A onetime ally and now bitter enemy of Correa, Moreno and his government are straining under a huge budget deficit caused partly by obligations to the Chinese, whose loans financed roads, dams, schools and office buildings during Correa's time in office from 2007 to 2017.
Ecuador is one of several Latin American countries that in recent years benefited from China's lending spree. Like other loans China has made in the region, those to Ecuador are partially payable with shipments of natural resources — oil, in Ecuador's case — which China needs to stoke its fast-growing economy.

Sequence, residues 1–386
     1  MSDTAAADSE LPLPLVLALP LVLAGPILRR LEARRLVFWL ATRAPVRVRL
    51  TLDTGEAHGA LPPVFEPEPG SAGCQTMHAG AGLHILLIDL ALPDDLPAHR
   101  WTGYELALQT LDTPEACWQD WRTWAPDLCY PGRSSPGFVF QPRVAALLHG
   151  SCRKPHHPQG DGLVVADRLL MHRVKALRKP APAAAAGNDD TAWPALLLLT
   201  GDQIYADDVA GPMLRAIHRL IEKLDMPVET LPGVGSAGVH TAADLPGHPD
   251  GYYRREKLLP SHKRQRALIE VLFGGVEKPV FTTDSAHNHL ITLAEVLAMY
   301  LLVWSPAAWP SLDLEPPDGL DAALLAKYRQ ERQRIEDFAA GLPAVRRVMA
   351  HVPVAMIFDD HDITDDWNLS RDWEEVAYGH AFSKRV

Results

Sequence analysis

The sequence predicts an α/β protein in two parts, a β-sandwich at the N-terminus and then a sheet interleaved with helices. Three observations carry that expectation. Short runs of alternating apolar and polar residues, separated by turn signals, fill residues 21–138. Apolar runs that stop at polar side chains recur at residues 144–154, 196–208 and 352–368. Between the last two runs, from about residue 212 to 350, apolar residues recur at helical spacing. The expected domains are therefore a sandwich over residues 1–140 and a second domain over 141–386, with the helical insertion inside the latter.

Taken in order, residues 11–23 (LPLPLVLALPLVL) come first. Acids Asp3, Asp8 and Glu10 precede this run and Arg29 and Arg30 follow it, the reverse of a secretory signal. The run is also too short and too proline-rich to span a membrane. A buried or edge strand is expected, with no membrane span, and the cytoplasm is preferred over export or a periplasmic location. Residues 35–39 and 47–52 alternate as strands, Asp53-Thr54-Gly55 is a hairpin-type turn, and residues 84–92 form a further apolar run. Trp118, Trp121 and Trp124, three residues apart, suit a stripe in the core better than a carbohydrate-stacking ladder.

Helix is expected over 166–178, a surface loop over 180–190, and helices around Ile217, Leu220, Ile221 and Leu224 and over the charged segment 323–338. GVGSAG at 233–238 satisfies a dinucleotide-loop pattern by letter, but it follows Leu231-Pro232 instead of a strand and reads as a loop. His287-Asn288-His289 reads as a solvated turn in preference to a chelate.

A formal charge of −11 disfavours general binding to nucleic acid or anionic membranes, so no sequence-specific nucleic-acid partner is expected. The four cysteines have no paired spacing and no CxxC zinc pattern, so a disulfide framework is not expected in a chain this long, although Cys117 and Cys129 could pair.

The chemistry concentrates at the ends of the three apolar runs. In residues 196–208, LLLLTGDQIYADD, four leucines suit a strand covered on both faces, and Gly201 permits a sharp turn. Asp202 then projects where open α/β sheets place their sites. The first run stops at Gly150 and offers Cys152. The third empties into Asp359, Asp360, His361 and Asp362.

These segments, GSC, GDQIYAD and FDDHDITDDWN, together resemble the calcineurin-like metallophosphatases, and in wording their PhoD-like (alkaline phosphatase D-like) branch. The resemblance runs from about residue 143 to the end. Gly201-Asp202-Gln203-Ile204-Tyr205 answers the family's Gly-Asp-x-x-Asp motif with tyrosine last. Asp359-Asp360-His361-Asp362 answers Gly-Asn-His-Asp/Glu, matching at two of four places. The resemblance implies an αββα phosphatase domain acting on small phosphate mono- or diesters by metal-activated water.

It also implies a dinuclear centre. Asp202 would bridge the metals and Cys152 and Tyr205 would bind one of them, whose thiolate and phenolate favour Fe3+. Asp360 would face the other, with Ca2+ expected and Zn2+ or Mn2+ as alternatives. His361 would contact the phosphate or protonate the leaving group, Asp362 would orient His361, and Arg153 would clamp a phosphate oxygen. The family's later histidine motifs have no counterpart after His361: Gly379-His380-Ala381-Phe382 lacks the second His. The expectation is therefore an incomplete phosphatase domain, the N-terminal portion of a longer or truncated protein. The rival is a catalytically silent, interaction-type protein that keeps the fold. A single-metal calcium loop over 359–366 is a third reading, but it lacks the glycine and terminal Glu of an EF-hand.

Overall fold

Correa was a close ally of Venezuela's socialist, anti-U.S. President Hugo Chavez and saw Chinese loans as attractive because the Asian giant made no political or ideological demands, and the loans were a way of thumbing his nose at Uncle Sam, analysts say.
But terms of Ecuador's $6.5 billion in Chinese debt have become onerous with the global decline in the price of oil, Ecuador's main source of revenue from exports. Moreover, some developments financed by the loans, including hydroelectric plants, are not producing the revenue that was anticipated.